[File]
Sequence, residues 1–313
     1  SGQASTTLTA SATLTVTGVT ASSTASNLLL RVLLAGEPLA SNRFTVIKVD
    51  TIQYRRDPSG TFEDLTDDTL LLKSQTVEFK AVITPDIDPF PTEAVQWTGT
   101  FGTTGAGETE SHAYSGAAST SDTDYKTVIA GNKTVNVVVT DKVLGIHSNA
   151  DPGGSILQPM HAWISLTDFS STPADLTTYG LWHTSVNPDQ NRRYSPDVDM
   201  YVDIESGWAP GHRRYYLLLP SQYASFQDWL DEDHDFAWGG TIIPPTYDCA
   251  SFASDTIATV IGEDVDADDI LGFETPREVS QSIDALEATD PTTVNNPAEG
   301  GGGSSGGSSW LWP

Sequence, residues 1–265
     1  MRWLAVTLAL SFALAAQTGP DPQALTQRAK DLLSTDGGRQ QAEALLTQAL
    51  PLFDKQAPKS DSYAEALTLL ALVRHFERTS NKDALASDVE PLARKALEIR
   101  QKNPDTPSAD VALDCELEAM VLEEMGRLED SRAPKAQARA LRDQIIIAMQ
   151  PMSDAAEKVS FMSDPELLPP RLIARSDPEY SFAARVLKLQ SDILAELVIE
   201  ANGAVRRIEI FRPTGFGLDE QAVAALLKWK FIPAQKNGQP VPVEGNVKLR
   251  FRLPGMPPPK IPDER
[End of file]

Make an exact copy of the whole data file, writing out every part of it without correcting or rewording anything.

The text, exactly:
Sequence, residues 1–313
     1  SGQASTTLTA SATLTVTGVT ASSTASNLLL RVLLAGEPLA SNRFTVIKVD
    51  TIQYRRDPSG TFEDLTDDTL LLKSQTVEFK AVITPDIDPF PTEAVQWTGT
   101  FGTTGAGETE SHAYSGAAST SDTDYKTVIA GNKTVNVVVT DKVLGIHSNA
   151  DPGGSILQPM HAWISLTDFS STPADLTTYG LWHTSVNPDQ NRRYSPDVDM
   201  YVDIESGWAP GHRRYYLLLP SQYASFQDWL DEDHDFAWGG TIIPPTYDCA
   251  SFASDTIATV IGEDVDADDI LGFETPREVS QSIDALEATD PTTVNNPAEG
   301  GGGSSGGSSW LWP

Sequence, residues 1–265
     1  MRWLAVTLAL SFALAAQTGP DPQALTQRAK DLLSTDGGRQ QAEALLTQAL
    51  PLFDKQAPKS DSYAEALTLL ALVRHFERTS NKDALASDVE PLARKALEIR
   101  QKNPDTPSAD VALDCELEAM VLEEMGRLED SRAPKAQARA LRDQIIIAMQ
   151  PMSDAAEKVS FMSDPELLPP RLIARSDPEY SFAARVLKLQ SDILAELVIE
   201  ANGAVRRIEI FRPTGFGLDE QAVAALLKWK FIPAQKNGQP VPVEGNVKLR
   251  FRLPGMPPPK IPDER